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April 22nd, 2009 by Stinkhead

We have just immersed ourselves in the world of Thomas the Tank Engine (Island of Sodor… see I’m getting it) and his wooden railway. The new line being introduced by Learning Curve is called Talking Railway. Using RFID technology, the Talking Railway stations recognize different engines with specific messages and sound effects. Check out the video above and be sure to read my review and load of pics below, including the custom trains I’ve made.

[singlepic id=54 w=150 h=113 float=right]The Talking Railway is the new line, but we got to review the Great Discovery playset. (Based on the new DVD). This set includes two Talking Railway destinations (Great Waterton Station, and Morgan’s Mine), two specially outfitted Talking Railway engines (Thomas and Stanley) and a good amount of track. I’ll touch on the talking/sounds in a bit, I want to tell you about what you get. This is our very first Thomas Wooden railway set. My 20 month old son loves watching Thomas & Friends on Sprout, and will play with train tables at the toy store. I can’t tell you how excited he was when we set this up. I actually have his first impression on the above video.

[singlepic id=57 w=150 h=113 float=right]The Pieces
You get two stations and enough track to make a few different layouts. This was a perfect starter set for us. I can make a little track for a small clear space of floor (a rare commodity with a toddler), or something a little larger (yes, yes, I did buy a train table… it’s a full on addiction). Speaking of space, when we set up a small layout on the dining room floor, my son kept trying to sit right in the middle to have the track go around him, so I had to keep expanding around him. But all in all, it’s not overwhelming. We’re just getting started. We got one tree and one conductor figure as well, but these are like the parsley on your steak platter. Now I have gotten a little addicted. I purchased a few cars (Thomas and Stanley have to be able to pull something/someone) and I’ve started shopping around for more track so we can do more layouts.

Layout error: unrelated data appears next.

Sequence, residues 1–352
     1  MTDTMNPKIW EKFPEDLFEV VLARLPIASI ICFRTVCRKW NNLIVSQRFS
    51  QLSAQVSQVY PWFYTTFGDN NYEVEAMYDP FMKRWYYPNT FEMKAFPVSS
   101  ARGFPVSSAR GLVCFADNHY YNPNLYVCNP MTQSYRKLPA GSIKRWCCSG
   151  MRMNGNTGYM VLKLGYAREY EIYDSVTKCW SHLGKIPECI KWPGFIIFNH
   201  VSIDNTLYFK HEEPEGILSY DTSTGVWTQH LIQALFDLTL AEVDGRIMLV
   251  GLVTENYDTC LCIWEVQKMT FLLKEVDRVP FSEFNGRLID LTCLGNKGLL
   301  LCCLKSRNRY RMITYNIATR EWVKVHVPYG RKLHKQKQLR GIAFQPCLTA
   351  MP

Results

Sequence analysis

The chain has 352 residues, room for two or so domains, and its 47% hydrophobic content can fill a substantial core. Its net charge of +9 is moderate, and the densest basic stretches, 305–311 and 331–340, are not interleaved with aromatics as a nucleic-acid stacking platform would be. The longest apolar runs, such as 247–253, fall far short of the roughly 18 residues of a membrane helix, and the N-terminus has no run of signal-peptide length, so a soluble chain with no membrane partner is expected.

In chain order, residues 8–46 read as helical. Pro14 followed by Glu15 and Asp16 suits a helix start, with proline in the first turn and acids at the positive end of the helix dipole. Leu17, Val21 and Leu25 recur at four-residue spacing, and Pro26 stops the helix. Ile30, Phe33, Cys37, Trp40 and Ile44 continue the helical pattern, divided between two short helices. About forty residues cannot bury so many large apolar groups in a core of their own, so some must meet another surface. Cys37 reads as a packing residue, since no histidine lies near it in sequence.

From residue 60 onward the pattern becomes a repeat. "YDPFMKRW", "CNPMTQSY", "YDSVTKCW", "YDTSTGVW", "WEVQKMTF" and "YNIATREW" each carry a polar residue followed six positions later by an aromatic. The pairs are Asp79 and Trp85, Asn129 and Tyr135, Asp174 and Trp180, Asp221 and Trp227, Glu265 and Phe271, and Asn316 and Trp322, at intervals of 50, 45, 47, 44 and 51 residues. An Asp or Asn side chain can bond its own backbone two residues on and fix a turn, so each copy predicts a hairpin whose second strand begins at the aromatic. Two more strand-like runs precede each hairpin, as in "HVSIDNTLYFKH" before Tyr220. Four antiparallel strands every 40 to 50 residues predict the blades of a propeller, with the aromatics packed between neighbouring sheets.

[singlepic id=30 w=150 h=113 float=right]The Talking Features
The Great Discovery set featured here has two destinations that recognize Talking Railway engines. You can easily tell these special engines because of the special icon on the engine’s underside (haha, that’s so close to how you tell a boy puppy from a girl puppy) and their connecting magnets are gold in color (as are their names). If you roll a Talking Railway car through a Talking Railway station, the station recognizes the engine, and Sir Topham Hatt addresses them by name and give a bit of random encouragement (Great job Thomas! Stanley, you must be careful.) If you roll a non-Talking Railway (TR) engine or car through, you get random encouragement without the specific name (You’re a very useful engine!)

[singlepic id=34 w=150 h=113 float=right]Actually, there’s more to it than that. Sir Topham Hatt (Did you know he’s called Fat Controller in the British version? Thanks Catmatjess) Sir Topham Hatt is hiding behind a rotating door. Press the chimney and the door flips around revealing Hatt. (My toddler picked up on this very quickly) Hatt addresses the engines if he’s visible, however if the door is closed, then it plays a sound effect when the engine rolls by. The TR engines get a specific sound effect (Thomas’ whistle blows, Stanley makes a hissing sound) But if you roll a non-TR engine or car through, you get a different sound effect. There are more TR enabled engines and stations you can pick up and seamlessly incorporate with this set, but I love that your non-TR trains and stations also work well.